Prime Minister Narendra Modi often says, we have not come here to enjoy power, but to bring about fundamental changes in critical areas of governance. Nine years is enough time to prove that he walked the talk.The new Parliament built in record time, abrogation of Article 370, pushing up the economy into the world’s top five despite Covid, amalgamation of 10 state-owned banks to four and getting them into prime health, the Goods and Services Tax, the Insolvency and Bankruptcy Code, digital public infrastructure yielding six billion payment transactions in a month, 74 airports built and operationalised, delivery of six notoriously delayed infrastructure projects (one delayed by over five decades), repeal of 1,400 archaic laws and 39,000 compliances, permanent commission for women in the armed forces, highest ever defence exports, becoming the third largest producer of renewable energy — these are but a few outcomes of the fundamental changes made in the way we are governed.The need for fundamental change in the way we are governed was not a cliché. The lethargy, the stasis in governance, were deep-rooted and, dare I say, a result of unstable governments or dynastic rule. It must be recognised that there have been attempts to break away from this even earlier. However, they didn’t make much progress. Prime Minister Modi’s political will and stability, vision, relentless pursuit of set goals and putting nation above self are yielding results. The role of the Opposition has, sadly, been less in Parliament. It has been more to disrupt and delay through filing petitions in the courts of law rather than debate and discuss in the House. Over 15 cases, including on the GST, Article 370, vaccination, triple talaq, Central Vista, were vigorously argued only for them to lose in each one of them. In each of these cases, if the time spent in the courts is reconciled, then we have perhaps delivered outcomes in less than nine years’ time.It would not be an exaggeration to say that three of the nine years saw challenges beyond our control. The pandemic and its second wave, volatility in fuel and fertiliser prices, and the Ukraine war, have had spill-over effects globally. To provide immunity to our large population, there was a pressing need to have a vaccine in time. Thereafter, the emphasis was on manufacturing sufficient doses to meet the urgency. Then again, to get our people vaccinated. India conducted the biggest vaccination drive administering 220 crore vaccines — free of charge. If our prime minister strongly supported and encouraged speedy development and production of our vaccines, he had another sensitive job to perform. He used the trust that people have in him to appeal to all citizens to accept vaccination. He took the vaccine himself publicly, when he was eligible as per the policy. Why was this necessary? Because, some of our Opposition parties raised doubts, creating vaccine hesitancy among the people.In his speech in the new Parliament, the prime minister drew a comparison: If parliamentarians needed a new House to discuss issues related to the common people, people needed a pucca house to live in. More than 3.5 crore pucca houses have been constructed in these nine years. 11.72 crore toilets have been constructed, with 100 per cent saturation achieved in rural areas. 12 crore households have been given access to clean drinking water.It is with untiring work, rooting out corruption, delivery on promises and by remaining continuously responsive that Prime Minister Modi has earned the trust of the people. Trust is also earned by standing by those in distress. During Covid 2.97 crore Indians who were caught up in various parts of the world were safely brought back home. Similarly, over 20,000 Indians who were stuck in strife-torn countries were brought back.The encouragement and support given to youth has shown in the results achieved in various global events. The number of higher educational institutions built and made operational is staggering, to say the least: 700 medical colleges, 15 AIIMS, over 69,000 medical seats, 7 IITs, 7 IIMs, 15 IIITs and 390 universities — all new.Efficiencies have increased dramatically in many sectors such as fish production. It had taken 63 years to take the production level to 59.14 lakh tonnes. In just nine years, we have added another 59.89 lakh tonnes and globally we now rank third.We rank second in fruit and vegetable production, next only to China. Our dairy sector which employs more than eight crore farmers today ranks first in world milk production —India contributes 22 per cent to the global milk production. We are the second largest honey producers in the world. Indian poultry sector ranks third globally in egg production.Eliminating pilferages of benefits meant for eligible beneficiaries is a duty of a responsible government. Misuse of taxpayers’ money had to be removed. 3.99 crore duplicate/fake ration cards and 4.11 crore fake LPG connections were cancelled. This has resulted in a saving of more than Rs 2.73 lakh crore (2021-22). However, in these nine years, total transfers through direct benefit transfer (DBT) are more than 29 lakh crore. For two years since the pandemic, over 80 crore people were given free foodgrain and pulses, so they do not remain hungry.Approaching national security issues comprehensively and with a greater sense of purpose is a hallmark of this government. Gone are the days when we were told by the Raksha Mantri that there are no resources to better equip the forces. Our border roads and villages were left underdeveloped because, we were told, that if developed, they would be useful for the enemy. Now, PM Gati Shakti and the Bhaskaracharya National Institute for Space Applications and Geo Informatics (BISAG-N) are bringing resource efficiencies and real-time monitoring.Transformative changes are happening in empowering women. For the first time, there are 1,020 women per 1,000 men. Maternal mortality rate has declined to 97 (2019-20). Under the MUDRA Yojana 68 per cent beneficiaries are women. Paid maternity leave has been increased from 12 to 26 weeks. Jan Aushadhi Kendras dispensed over 27 crore sanitary pads. Girls get admitted to Sainik schools now.The past nine years were dedicated to lifting India from the hopeless morass it had been thrown into. The next 25 years leading to India@100 need similar dedicated, corruption-free governance. Policy stability and continuity are critical. PM Modi, as a sevak, has given India that stability.The writer is Minister of Finance, GOI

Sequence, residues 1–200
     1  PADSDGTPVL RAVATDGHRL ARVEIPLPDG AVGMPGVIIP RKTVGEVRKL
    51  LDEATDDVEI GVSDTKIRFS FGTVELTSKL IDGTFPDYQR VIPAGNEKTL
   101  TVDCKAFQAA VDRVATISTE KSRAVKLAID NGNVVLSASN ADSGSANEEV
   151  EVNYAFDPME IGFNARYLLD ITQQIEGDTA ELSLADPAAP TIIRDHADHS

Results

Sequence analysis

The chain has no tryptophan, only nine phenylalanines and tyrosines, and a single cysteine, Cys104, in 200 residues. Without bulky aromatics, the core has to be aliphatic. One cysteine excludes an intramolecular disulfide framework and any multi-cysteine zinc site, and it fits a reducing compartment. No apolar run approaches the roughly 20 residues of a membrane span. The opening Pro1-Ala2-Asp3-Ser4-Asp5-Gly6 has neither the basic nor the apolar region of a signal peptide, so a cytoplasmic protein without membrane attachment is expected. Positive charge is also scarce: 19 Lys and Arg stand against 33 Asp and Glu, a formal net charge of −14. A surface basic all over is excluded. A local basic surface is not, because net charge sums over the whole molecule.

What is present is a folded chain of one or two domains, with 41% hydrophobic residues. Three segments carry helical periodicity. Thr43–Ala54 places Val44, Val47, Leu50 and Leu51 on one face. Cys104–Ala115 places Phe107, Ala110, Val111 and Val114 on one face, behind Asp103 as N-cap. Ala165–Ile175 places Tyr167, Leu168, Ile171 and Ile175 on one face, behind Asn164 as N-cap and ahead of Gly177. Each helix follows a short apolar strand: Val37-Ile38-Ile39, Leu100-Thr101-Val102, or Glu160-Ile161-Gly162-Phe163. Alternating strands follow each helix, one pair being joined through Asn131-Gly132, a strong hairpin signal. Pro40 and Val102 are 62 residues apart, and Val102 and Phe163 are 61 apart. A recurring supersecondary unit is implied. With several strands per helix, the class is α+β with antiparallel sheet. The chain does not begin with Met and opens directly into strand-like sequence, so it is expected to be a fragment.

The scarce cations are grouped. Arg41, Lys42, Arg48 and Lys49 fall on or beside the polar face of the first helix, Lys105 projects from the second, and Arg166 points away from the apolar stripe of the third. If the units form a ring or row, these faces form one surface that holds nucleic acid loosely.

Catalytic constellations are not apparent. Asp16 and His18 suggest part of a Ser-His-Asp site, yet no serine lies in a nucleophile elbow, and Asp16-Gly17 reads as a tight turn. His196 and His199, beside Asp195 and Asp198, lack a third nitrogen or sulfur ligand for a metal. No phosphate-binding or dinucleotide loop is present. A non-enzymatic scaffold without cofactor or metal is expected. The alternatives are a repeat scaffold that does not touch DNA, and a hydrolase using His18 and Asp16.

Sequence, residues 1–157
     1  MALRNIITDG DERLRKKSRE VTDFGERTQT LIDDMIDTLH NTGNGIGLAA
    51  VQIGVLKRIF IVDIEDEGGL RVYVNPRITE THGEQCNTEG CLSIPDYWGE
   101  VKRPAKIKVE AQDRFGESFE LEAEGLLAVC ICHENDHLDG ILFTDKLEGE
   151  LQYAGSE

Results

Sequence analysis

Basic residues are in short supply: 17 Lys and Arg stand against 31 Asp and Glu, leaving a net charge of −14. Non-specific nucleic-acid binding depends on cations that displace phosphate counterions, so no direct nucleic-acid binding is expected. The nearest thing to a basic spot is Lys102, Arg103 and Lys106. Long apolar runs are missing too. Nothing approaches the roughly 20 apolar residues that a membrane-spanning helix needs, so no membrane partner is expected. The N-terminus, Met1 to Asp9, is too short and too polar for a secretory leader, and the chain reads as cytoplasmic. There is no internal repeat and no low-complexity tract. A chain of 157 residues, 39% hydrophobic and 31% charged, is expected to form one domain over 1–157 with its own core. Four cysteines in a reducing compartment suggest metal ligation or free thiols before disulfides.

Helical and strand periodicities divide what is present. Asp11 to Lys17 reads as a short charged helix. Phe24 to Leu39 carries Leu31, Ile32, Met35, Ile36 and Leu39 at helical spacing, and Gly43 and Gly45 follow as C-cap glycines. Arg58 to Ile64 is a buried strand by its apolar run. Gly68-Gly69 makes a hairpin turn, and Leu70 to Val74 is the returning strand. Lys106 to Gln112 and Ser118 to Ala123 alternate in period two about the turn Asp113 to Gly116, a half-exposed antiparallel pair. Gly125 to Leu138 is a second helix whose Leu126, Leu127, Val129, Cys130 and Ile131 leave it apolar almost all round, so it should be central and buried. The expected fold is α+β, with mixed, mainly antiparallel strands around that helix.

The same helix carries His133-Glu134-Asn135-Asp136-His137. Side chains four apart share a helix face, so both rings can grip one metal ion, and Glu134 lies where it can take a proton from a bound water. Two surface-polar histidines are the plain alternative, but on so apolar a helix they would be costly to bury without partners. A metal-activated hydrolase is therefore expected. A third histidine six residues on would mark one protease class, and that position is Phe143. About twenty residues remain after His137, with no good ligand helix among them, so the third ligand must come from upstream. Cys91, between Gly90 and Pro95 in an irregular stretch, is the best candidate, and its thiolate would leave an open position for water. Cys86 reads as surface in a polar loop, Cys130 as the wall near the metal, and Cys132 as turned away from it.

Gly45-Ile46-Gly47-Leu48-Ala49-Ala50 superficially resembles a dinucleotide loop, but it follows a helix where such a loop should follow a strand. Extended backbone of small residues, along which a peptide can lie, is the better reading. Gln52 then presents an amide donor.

The NDA government headed by Prime Minister Narendra Modi will complete nine years on May 30. The past nine years have witnessed several landmark events, including demonetisation of high-value currency notes (2016), the introduction of Goods and Services Tax (2017), the outbreak of Covid-19 pandemic, a call for making India self-reliant (Aatmanirbhar) amid aggression on borders, and an emergence of a new class of beneficiaries — the “Labharthi Varg”.Modi, who ascended to the top post by getting a clear majority and took oath as the PM on May 26, 2014, is the fourth-longest serving PM after Jawaharlal Nehru, Indira Gandhi and Manmohan Singh, and the longest serving PM from a non-Congress party. Here are nine charts showing the journey of the last nine years:India became the world’s fifth largest economy by overtaking the United Kingdom last year. It is now behind only the US, China, Japan and Germany. However, India’s GDP growth trajectory has remained uneven in recent years. The main reason is Covid-19, a global outbreak with severe domestic repercussions that resulted in a contraction of the economy during the financial year 2020-21. Even before Covid halted economic activities, the economy was on a downward track after registering over an 8% growth rate in 2016-17 — the year that saw demonetisation of high-value currency notes of denominations Rs 1,000 and Rs 500. In the following years, India’s growth rate slowed down to 6.8% in 2017-18 — as the businesses adjusted to the change in indirect tax system after the introduction of GST with effect from July 1, 2017. It came down further to 6.45% in 2018-19 and 3.87% in 2019-20. During the Covid lockdown (financial year 2020-21), the growth plummeted to -5.83%. However, it bounced back to 9.05% in 2021-22, primarily on the previous year’s low base. In 2022-23, the growth again moderated to 7%.Per capita income followed the same trajectory as the rise and fall in the GDP. The annual rate of growth in the Per Capita Income has been recorded in the range of -8.86% to 7.59% during the last nine years. (See Chart-1).One area that has remained in focus of the Modi government is investment. The Centre has taken various steps to encourage domestic entrepreneurs and to attract Foreign Direct Investment (FDI). Be it ‘ease of doing business’, focus on minimising compliance, liberalisation of the FDI policy for various sectors of the economy or ushering in legislative reforms, the government has taken several initiatives to create a favourable atmosphere for investment. These efforts have yielded some fruits. For instance, FDI inflows increased from $45 billion in 2014-15 to $84.83 billion in 2021-22. However, it registered a fall in the following year and declined to $70 billion in 2022-23. (See Chart-2)One of the indicators of rural distress is the performance of the National Rural Employment Guarantee Scheme, which was launched to provide a guarantee of 100-day employment in a financial year to every rural household whose adult members volunteer to do unskilled manual work. The rise in the number of NREGS beneficiaries is a sign of growing distress in rural areas. Data available on the NREGS portal shows that 4.14 crore families availed the rural job scheme in 2014-15. This number peaked during Covid and reached 7.55 crore during 2020-21, when many migrants walked back to their villages in view of the pandemic. Thereafter, it came down marginally to 7.25 crore in 2021-22. However, it is still over the Rs 6 crore mark (6.18 crore families availed the scheme during 2022-23). (See Chart-3)Infrastructure has been one of the priority areas of the Modi government in the last nine years. Be it roads, railways, or airports, infrastructure projects have increased in number and size. This has reflected in the growing capital expenditure on them over the years. One of the success stories has been highways construction. However, several big-ticket projects, like the bullet train project, are yet to see the light of day. The total length of highways in the country had increased from 97,830 km in 2014-15 to 1,44,955 at the end of December 2022. (See Chart-4)One of the biggest challenges the NDA government has faced in the last nine years was the Covid pandemic. However, data shows that health expenditure (as a percentage of the GDP) has not seen a big change. (See Chart-5). In the period 2014-15 to 2022-23, the expenditure on health remained in the range of 1.2-2.2%. The Central government’s share in the current health expenditure is just a little over 2%. According to National Health Accounts Estimates for India 2019-20, “Of the Current Health Expenditures, the Union government’s share is Rs. 72,059 crore (12.14%) and the State Governments’ share is Rs.1,18,927 crores (20.03%). Local bodies’ share is Rs. 5,844 crore (0.99%), households’ share (including insurance contributions) is about Rs. 3,51,717 crore (59.24%), out-of-pocket expenditure being 52.0%.Like health expenditure, spending on education too has remained low. Though the education sector has witnessed a big reform push with the introduction of the New Education Policy, the expenditure on education (as percentage of GDP) has remained in the range of 2.8-2.9% during the last nine years. (See Chart-6).The government took a bold decision to demonetise high-value currency notes in November 2016. The move was expected to hit the black economy and move towards lesser use of cash. However, data shows that neither has the tax-GDP ratio increased, nor has the use of cash gone down. For instance, the direct tax-GDP ratio has remained in the range of 4.78-6.02% during the last nine years. (See Chart-7). On the contrary, the currency to GDP ratio has increased from 11.6% in 2014-15 to 14.4% in 2020-21. However, it came down marginally to 13.7% in 2021-22. This shows that despite a push for digital transactions through new initiatives like UPI, the use of cash is still on the rise. (See Chart-7)In recent years, the government has focused on Make in India. It even launched the Aatmanirbhar Bharat initiative during the Covid-19 pandemic. However, data shows that India’s share in world merchandise exports has stagnated in recent years. From 1.69% in 2014, it has increased marginally to 1.77%. (See Chart-8)The last nine years have seen the emergence of the ‘labharthi varg’ — a new class of beneficiaries of Central government schemes. The Modi government used the architecture of the DBT (Direct Benefit Transfer) scheme, which is based on JAM (Jan-dhan, Aadhar, Mobile) trinity. Between 2014 and 2023, 49 crore bank accounts were opened under the Pradhan Mantri Jan Dhan Yojana. The figure of deposits in the Jan Dhan accounts has increased from Rs 17,219.70 crore in May 2015 to Rs 1,97,193.67 crore in May 2023. Besides, other welfare schemes like the Swachh Bharat Mission, Pradhan Mantri Awas Yojana, PM Ujjwala Yojana and PM Mudra Yojana have seen an unprecedented scale of implementation in recent years. For instance, 11.72 crore toilets were built under the Swachh Bharat programme, while over 3 crore rural and urban houses were built under the PM Awas Yojana. The government also provided free foodgrains to 80 crore people under PM Garib Kalyan Anna Yojana.